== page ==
June 2022 Newsletter

Board of Directors

At the members’ meeting on June 1, Brad Hess was re-elected to another three-year term as a director of the Board. Jessee Maloney was elected to serve a three-year term to replace Jim Waldron who completed his three-year term as a director. Thank you, Jim, for serving our organization these past three years.

During the June 29 Board of Directors meeting, Jon White agreed to serve as the chairman of the Board of Directors for this coming year and Bev Murdock will serve as the secretary. Christa Stern will continue as the bookkeeper and John Dubelko was named as the new treasurer. Thank you, Mary Waldron for serving as our treasurer these past few years.

At this same meeting, the directors voted to approve the disposal of surplus tools and equipment. Purcellville and Leesburg facility managers will have first pick then everything else on the list will be offered for sale to members for a period of one week after which the items will be listed on Marketplace and/or Craig’s List. Any items left unsold will be taken to recycling where possible or to the dump if necessary.

This is a great opportunity to add some tools to your home shop. Items offered run the gambit from “exceptionally nice and lightly used” to “restoration projects.” There are table saws, band saws, drill presses, a radial arm saw, a scroll saw, a shaper, a spindle sander, a small planer, a benchtop router table, a good selection of welders including Stick, TIG, MIG, and oxy/ace, a couple of air compressors and a variety of miscellaneous goodies that include glass panels suitable for table tops, a commercial battery charger and too much more to list here.

Watch the GENERAL CHANNEL on Slack for a full listing and description of the items and particulars about how to purchase them. Hint! For a sneak preview you might want to attend Purcellville’s work day this Saturday, July 2 starting at 9:00 AM.

Message From John Dubelko

John Dubelko

This is my final month as president of the organization. Over the last three years in the office, I have seen the organization endure a pandemic, turn the corner on member growth, and a whole lot of things made. I plan on staying involved, so you will see me around. I thank all of you for helping to keep Makersmiths going! Being an all-volunteer organization, nothing happened unless a member steps up and gets it done. The organization’s success could not have happened without you, the membership! If you would like to be considered for president, please let me know by direct messaging me on Slack or contacting me at John.dubelko@makersmiths.org. You can also direct message Jon White, the new chairman of the Board of Directors, or email him at Jonathan.white@makersmiths.org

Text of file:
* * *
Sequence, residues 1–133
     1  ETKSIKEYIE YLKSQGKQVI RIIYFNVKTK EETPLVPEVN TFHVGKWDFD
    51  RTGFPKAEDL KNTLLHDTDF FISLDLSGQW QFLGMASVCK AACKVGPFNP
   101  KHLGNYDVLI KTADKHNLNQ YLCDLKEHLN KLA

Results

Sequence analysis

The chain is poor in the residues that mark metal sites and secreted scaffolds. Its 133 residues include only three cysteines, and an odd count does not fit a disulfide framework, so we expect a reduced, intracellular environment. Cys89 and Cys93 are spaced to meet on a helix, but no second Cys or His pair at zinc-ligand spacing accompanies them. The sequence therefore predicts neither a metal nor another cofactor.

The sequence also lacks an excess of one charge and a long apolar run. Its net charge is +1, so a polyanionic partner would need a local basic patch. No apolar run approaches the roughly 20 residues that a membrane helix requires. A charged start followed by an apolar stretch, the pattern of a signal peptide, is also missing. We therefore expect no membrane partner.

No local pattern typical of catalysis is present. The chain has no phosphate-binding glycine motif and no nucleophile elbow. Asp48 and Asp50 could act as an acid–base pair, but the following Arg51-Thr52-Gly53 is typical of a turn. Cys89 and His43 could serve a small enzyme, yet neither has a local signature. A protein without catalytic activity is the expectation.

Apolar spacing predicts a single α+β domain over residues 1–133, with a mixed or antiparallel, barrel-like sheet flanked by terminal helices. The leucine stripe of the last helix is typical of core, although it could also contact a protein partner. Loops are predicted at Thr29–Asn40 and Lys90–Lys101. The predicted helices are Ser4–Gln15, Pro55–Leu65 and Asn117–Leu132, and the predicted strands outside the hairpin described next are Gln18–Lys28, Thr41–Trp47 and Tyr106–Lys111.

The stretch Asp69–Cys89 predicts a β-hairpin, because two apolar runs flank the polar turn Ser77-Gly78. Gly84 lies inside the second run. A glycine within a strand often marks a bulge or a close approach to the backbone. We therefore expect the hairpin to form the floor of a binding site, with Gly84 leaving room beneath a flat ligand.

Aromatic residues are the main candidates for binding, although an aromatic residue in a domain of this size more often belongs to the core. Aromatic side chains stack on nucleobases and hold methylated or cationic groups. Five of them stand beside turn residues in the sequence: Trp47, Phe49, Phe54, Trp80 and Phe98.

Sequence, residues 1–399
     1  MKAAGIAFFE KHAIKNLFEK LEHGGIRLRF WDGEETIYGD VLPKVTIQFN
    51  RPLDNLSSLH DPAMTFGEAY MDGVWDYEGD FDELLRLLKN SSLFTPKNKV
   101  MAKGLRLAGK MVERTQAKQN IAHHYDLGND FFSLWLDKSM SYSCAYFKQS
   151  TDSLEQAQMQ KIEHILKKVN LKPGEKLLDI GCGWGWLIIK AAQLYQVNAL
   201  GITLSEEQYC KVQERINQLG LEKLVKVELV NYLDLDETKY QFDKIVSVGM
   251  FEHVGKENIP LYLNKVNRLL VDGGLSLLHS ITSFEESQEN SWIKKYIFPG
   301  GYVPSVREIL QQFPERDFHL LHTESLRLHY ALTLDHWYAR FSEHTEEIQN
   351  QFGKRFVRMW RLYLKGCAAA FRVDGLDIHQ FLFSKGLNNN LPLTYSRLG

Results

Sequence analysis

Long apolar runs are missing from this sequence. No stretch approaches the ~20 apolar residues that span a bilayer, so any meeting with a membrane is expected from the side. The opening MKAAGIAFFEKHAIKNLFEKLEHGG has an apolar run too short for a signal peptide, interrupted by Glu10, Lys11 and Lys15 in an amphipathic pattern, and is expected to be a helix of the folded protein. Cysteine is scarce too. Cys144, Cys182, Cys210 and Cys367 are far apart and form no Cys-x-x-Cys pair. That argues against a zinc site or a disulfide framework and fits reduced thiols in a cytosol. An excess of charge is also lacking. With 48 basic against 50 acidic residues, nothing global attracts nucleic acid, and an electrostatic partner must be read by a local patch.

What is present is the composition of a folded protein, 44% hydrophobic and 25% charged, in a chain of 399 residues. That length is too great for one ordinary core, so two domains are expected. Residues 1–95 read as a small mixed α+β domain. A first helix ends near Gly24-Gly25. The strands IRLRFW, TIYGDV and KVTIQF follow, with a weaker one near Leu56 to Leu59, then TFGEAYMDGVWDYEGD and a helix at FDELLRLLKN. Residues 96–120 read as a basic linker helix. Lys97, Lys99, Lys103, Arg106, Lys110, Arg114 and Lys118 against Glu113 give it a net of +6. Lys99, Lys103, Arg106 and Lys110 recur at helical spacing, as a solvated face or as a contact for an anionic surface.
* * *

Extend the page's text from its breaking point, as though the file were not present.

Featured Makersmiths Member

Mike McMahon

I'm a new woodworker who has been offering commissioned work for cost of materials to build my portfolio. I accepted a job in England in February and had three commissions in the pipeline, two of which were straining the limits of my home workshop. I found Makersmiths and after taking a tour with Jennifer Chu, I signed up in April 2022.

The first of the projects was a chessboard. The client requested only that it be a folding chessboard with no edge detail or ornamentation, with squares 1.5" each side for a total width of 12" per side (6"x12" when folded). I was given total creative control outside of those requirements and decided on curly maple for the light squares and bubinga for the dark with a tung oil finish.

I don’t own a planer or drum sander, and my jointer is only 4” wide so I attempted to use a router jig to flatten it. After it failed, I had a board that could only barely be salvaged with the careful use of traditional equipment. Makersmiths provided access to a drum sander and 6" jointer and enabled me to deliver the board just in time for him to use it while following the 2022 Candidates Tournament.

The other project was a segmented tankard of oak and purpleheart. The way I went about building it caused me to have trouble keeping it on the same center each time I mounted it on the lathe and I was losing unnecessarily large amounts of stock simply bringing it back into round. On top of that, I failed to take the capacity of my tools into consideration and made too large to be mounted on my chuck.

I spent several hours with Bryan Boston figuring out how to salvage it from my newbie mistakes; it got posted to the client the day before my flight to England. The construction is 15 rings of 9 segments, with a solid piece cut to size and glued in for the bottom and a hand-filed handle. I had wanted to use pins to give the handle some extra stability, but the walls of the tankard ended up pretty thin and I couldn't bear the risk of messing it up so close to finished. I shaved very shallow mortises in the wall of the tankard instead to give a good, solid glue joint. Its capacity is almost exactly 24 fl. oz., so it shouldn't need to support more than a pound and a half of liquid and it passed the water test before shipping - no breaks, no leaks. The finish is water-based polyurethane, which I like for drinking vessels because it's very resistant to liquids and it's food safe once cured.